The HTTP 1.1 Request Pipelining standard (RFC 2616) allows the degree of concurrency to be increased if it is properly employed when both ends support it. However, modern browsers do not use it in an optimal fashion for many reasons, such as backward compatibility, simplicity of implementation, and effectiveness of flow control. Thus, the standard does not change the browser behavior, and therefore fails to optimize the link use at all times.

It would be advantageous to provide a method and apparatus that mitigates the negative impact of sequential access in low bandwidth and high delay networks without altering browser behaviors.


The invention mitigates the negative impact of sequential access in low bandwidth and high delay networks without altering browser behaviors. This is achieved by increasing the degree of parallelism over the long-latency link by imposing a different downloading strategy, i.e. pre-fetch, from an agent to a gateway server. The issue of low degrees of parallelism is localized between the browser and the agent where there is virtually no latency and bandwidth limitation for HTTP transactions. The issue, therefore, is alleviated.

In an embodiment, flow control is applied to increasing the performance of a browser while pre-fetching Web objects while operating over bandwidth constrained links to increase the level of concurrency, thus reducing contention for limited bandwidth resources with increased levels of concurrency.

In one embodiment, the invention comprises a piece of software (client) that communicates with corresponding server software which readies the necessary object to be available on the platform hosting the browser. Low utilization over long-latency links occurs when browsers try to download objects from source Web servers in sequence or in a degree of concurrency that is less-than-optimal. This contributes to a major latency experienced by the end user. This latency can be greatly reduced by using the pre-fetching mechanism of this invention. Thus, the invention increases performance of HTTP over long-latency links by pre-fetching objects concurrently via aggregated and flow-controlled channels. The agent and gateway together assist a Web browser in fetching HTTP contents faster from Internet Web sites over long-latency data links. The gateway and the agent coordinate the fetching of selective embedded objects in such a way that an object is ready and available on a host platform before the resident browser requires it. The seemingly instantaneous availability of objects to a browser enables it to complete processing the object to request the next object without much wait. Without this instantaneous availability of an embedded object, a browser waits for its request and the corresponding response to traverse a long delay link. The invention is not limited to cache history on a browser. It actively performs selective fetch from the gateway server in a highly concurrent fashion, prior to the browser requesting a particular object. It does not require any support from Web browsers and end source servers. It also does not introduce any flow control issue under the high degree of parallelism. Thus, the invention improves HTTP performance of client-server implementations, especially with Web sites that use many JavaScripts and Style Sheets.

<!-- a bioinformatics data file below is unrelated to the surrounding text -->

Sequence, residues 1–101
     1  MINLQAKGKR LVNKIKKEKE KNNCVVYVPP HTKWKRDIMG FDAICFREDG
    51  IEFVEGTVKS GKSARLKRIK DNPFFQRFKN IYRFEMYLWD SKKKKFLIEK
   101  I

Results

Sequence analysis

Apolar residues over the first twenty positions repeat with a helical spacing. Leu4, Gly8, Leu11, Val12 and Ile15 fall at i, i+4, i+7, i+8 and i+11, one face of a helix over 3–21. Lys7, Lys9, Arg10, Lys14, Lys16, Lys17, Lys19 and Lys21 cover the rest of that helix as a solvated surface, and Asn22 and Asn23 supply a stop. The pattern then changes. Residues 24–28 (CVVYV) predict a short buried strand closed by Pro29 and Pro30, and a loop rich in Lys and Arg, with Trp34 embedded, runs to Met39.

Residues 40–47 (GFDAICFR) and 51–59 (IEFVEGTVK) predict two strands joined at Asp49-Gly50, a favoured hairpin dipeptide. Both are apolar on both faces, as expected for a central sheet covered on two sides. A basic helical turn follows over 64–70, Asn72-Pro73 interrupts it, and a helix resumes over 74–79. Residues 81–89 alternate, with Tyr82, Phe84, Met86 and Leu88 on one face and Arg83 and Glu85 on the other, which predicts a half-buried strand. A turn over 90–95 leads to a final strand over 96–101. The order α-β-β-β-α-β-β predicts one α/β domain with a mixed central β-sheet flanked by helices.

FIG. 1 is a block schematic diagram of a system architecture implementing a method and apparatus for increasing performance of HTTP over long-latency links according to the invention;

FIG. 2 is a block schematic diagram that shows an overview of the modules interaction according to the invention;

FIG. 3 is a flow diagram that shows connection flow via the local cache according to the invention;

FIG. 4 is a flow diagram that shows connection flow from the local cache according to the invention; and

FIG. 5 is a block schematic diagram that shows a pre-fetch post HTML processing connection according to the invention.



  • HTTP: Hyper Text Transfer Protocol—a TCP/IP based protocol to transfer Web pages, documents, etc. over the Internet.
  • HTML: Hyper Text Markup Language.
  • API: Application Programming Interface.
  • VTP: A Transport Protocol.
  • XML: Extension Hyper Text Markup Language.